Religion, not race, is the best single predictor of voting preferences
America’s founding fathers envisioned a republic in which free-thinking voters would carefully consider the proposals of office-seekers. Today, however, demography seems to govern voters’ choices. Since April 2017 The Economist and YouGov, a pollster, have surveyed 1,500 Americans each week. They have built a statistical model to estimate the odds of how each respondent will vote in next week’s mid-term elections.
Polling of voting sub-groups can be misleading. City-dwellers are usually liberal. Is that because of where they live, or because they tend to be better educated and are less likely to be white than countryfolk? The model measures each variable in isolation. Even among people of the same race and schooling, urbanites are more Democratic-leaning. It also considers how variables affect each other. For example, single women are more liberal than married ones, whereas this gap is negligible among men. Of the 12 factors in the model, the most important is religion. Atheists are even more likely to be Democrats than evangelical Protestants are to be Republicans.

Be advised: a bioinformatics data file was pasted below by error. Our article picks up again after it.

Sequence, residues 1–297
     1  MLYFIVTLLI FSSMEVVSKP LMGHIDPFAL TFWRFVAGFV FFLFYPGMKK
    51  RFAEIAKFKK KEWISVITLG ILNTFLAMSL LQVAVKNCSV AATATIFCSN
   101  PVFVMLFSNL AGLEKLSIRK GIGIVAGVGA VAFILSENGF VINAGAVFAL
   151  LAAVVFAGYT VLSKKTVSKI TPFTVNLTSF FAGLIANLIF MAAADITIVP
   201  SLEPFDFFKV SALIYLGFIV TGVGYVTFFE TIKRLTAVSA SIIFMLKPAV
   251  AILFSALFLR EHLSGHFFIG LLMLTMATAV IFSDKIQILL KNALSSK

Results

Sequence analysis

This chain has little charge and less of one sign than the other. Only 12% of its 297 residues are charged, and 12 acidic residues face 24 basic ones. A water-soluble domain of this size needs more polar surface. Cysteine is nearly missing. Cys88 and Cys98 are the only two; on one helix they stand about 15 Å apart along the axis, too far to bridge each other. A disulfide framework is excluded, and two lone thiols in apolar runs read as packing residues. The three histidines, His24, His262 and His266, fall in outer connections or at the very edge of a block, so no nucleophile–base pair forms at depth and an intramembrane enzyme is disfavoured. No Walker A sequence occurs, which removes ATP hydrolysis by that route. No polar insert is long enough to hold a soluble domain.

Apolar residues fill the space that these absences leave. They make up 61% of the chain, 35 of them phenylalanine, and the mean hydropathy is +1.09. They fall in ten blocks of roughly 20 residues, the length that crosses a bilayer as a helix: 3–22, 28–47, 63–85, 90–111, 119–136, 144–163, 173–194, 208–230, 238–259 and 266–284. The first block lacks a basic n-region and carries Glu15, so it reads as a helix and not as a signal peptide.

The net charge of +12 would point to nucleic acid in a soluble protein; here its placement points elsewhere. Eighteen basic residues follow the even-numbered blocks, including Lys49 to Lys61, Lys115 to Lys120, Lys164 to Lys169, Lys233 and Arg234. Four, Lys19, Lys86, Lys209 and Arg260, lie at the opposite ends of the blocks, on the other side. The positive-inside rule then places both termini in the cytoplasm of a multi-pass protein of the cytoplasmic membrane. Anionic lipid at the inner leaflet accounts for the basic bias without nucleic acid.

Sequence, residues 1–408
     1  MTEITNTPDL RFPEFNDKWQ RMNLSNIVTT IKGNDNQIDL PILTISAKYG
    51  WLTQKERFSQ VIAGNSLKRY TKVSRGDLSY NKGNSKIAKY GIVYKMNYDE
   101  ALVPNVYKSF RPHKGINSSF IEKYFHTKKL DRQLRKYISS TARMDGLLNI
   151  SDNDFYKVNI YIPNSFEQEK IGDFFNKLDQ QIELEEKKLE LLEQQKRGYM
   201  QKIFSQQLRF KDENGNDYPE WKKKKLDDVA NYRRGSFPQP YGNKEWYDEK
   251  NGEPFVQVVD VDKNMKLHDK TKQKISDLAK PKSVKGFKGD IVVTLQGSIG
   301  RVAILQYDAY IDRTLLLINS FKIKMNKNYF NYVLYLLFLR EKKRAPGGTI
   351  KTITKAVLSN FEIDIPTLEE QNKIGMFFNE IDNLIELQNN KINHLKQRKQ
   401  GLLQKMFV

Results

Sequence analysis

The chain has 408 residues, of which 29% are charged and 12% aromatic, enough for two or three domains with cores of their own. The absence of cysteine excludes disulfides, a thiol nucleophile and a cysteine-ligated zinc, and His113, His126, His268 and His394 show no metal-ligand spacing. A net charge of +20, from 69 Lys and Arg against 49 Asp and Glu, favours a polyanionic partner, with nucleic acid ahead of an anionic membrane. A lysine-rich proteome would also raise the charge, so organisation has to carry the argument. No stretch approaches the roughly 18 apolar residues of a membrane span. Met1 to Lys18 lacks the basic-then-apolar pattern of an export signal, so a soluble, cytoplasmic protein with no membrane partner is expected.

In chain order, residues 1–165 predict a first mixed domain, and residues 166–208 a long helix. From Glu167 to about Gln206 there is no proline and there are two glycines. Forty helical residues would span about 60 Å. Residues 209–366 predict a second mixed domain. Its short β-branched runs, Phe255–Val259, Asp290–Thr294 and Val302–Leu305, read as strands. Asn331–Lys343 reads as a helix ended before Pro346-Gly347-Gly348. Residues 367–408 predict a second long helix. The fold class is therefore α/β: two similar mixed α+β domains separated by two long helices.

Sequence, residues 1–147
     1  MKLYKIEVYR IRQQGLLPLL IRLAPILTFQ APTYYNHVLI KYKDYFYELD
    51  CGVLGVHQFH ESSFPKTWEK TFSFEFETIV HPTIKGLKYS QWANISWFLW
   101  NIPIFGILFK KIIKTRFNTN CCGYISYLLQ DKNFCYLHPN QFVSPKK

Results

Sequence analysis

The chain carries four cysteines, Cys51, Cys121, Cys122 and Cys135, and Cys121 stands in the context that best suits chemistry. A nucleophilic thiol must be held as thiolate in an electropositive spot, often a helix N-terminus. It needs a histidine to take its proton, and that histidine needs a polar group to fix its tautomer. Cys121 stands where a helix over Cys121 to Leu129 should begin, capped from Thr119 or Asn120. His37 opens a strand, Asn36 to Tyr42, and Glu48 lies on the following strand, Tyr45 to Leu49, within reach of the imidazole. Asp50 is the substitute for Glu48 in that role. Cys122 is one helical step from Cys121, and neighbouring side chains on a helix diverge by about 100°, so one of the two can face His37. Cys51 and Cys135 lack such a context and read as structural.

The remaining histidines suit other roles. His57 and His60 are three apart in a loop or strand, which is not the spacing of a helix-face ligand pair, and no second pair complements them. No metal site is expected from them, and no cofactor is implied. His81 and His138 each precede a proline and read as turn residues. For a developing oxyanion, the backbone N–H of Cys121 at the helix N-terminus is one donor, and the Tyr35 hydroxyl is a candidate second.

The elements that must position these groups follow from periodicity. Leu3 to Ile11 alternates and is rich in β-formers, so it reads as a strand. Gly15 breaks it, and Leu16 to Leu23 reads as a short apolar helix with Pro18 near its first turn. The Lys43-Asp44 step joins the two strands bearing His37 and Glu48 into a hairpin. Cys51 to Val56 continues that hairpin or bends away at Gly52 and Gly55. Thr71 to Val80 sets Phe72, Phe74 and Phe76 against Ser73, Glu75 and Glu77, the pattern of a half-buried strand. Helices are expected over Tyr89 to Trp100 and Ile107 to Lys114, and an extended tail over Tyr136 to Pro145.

The model adds up the impact of each variable, like a set of building blocks. As a result, a group of weak predictors that point in the same direction can cancel out a single strong one. In theory, the model could identify a black voter as a Republican leaner, or a white evangelical as a probable Democrat—though it would require quite an unusual profile.
Source: –, How to forecast an American’s vote, The Economist, November 3, 2018, https://www.economist.com/graphic-detail/2018/11/03/how-to-forecast-an-americans-vote.